Some contemporary recipes for potted cheese add minced scallions. It does brighten and freshen the flavor and will lend that requisite bit of Irish green to it, but unfortunately it also shortens its shelf life. If you choose to add scallions, wait until just before serving to do so.
Without the scallions, potted whiskey cheese will keep for weeks, if not months, well-covered in the refrigerator. Once you add them, use it up within a couple of days.
Makes about 2 cups
8 ounces aged Kerrygold Irish cheddar, reserve cheddar, Dubliner or other extra-sharp white cheddar cheese, grated
4 ounces (8 tablespoons) salted Kerrygold Irish butter, softened
1 tablespoon prepared English or Dijon mustard
Â¼ cup Irish whiskey
4 small slender scallions, washed, trimmed and minced, optional, for serving
Crackers, for serving
1. Combine cheese, butter and mustard in bowl of food processor and process until smooth, or combine in mixing bowl and whip with electric mixer at medium-high speed until smooth.
2. Whip in whiskey a tablespoon at a time. Taste and adjust salt, adding a tiny pinch or two as needed. Transfer to crock, cover and let sit at least 1 hour or refrigerate if made more than a few hours ahead. Let warm to room temperature at least 30 minutes before serving.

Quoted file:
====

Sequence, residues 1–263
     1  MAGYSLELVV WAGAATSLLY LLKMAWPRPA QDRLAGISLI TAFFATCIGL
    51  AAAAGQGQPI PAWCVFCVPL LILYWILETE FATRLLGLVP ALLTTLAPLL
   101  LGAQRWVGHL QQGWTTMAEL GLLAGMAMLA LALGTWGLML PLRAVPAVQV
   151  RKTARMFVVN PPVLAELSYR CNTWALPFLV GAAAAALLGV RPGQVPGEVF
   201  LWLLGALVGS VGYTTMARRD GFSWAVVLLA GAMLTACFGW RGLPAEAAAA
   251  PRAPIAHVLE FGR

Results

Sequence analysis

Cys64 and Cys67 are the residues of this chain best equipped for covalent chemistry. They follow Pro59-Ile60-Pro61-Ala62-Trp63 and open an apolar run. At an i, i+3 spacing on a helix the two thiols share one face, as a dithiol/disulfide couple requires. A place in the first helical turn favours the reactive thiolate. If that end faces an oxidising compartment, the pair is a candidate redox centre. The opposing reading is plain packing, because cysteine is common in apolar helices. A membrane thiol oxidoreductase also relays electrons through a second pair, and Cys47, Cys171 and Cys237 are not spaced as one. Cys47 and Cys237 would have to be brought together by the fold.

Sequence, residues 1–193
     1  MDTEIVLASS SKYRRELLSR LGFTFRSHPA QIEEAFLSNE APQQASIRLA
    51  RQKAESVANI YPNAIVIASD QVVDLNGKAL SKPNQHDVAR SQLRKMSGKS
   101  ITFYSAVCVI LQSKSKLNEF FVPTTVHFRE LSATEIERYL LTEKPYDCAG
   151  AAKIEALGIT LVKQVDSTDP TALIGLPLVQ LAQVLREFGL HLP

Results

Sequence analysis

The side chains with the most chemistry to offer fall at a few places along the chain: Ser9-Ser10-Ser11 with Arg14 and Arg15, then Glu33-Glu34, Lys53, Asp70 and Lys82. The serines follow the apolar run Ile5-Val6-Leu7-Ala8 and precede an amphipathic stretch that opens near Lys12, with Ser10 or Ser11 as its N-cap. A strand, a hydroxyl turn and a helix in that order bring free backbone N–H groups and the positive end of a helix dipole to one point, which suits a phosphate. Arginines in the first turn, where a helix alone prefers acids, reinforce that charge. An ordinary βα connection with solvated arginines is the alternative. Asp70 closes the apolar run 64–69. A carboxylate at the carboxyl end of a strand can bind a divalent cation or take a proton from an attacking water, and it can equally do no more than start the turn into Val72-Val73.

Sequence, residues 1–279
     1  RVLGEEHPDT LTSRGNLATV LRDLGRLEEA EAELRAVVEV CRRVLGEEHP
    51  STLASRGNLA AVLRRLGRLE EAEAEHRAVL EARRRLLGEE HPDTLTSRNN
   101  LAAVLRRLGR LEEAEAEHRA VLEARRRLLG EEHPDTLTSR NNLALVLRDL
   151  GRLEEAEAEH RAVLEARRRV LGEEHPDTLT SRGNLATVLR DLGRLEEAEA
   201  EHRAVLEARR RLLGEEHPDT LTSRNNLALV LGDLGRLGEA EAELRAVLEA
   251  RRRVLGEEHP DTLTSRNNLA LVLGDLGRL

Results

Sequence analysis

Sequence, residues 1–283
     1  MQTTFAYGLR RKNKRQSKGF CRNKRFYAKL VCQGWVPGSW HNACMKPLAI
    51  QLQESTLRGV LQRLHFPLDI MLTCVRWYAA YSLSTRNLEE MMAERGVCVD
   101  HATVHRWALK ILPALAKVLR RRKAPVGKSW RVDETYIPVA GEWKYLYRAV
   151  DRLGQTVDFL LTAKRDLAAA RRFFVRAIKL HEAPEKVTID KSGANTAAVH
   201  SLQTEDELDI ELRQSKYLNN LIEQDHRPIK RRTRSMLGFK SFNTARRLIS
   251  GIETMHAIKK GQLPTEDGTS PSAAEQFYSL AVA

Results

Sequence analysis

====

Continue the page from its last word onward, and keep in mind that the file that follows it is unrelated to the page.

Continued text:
3. If liked, just before serving, fold in minced scallions and stir until evenly mixed. Serve with crackers of your choice.
Irish-style Butterflied Leg of Lamb
From the picnic hamper, serve this with rolls and horseradish sauce (recipe follows) and let each guest make his or her own sandwiches. From the buffet, offer the sauce on the side.
You can bone the lamb yourself, but it's much easier to get a boned roast and butterfly it: lay it fat side down on a work surface and cut through at the joints in the muscles, then flatten.
I actually prefer lamb roasted to medium, a little more done than it's usually cooked nowadays. Adjust the time to suit your own tastes and keep in mind that boned and butterflied lamb cooks more quickly than a whole leg, so watch carefully if you want it rare to medium-rare.
4 Â½ to 5 pounds boned leg of lamb, butterflied
Salt and whole black pepper in a mill
4 large cloves garlic, crushed, peeled and roughly chopped
3 tablespoons prepared English or Dijon mustard
3 tablespoons Irish whiskey
4 tablespoons Irish butter, melted but cooled
Â½ cup finely chopped mint
Â½ cup finely chopped parsley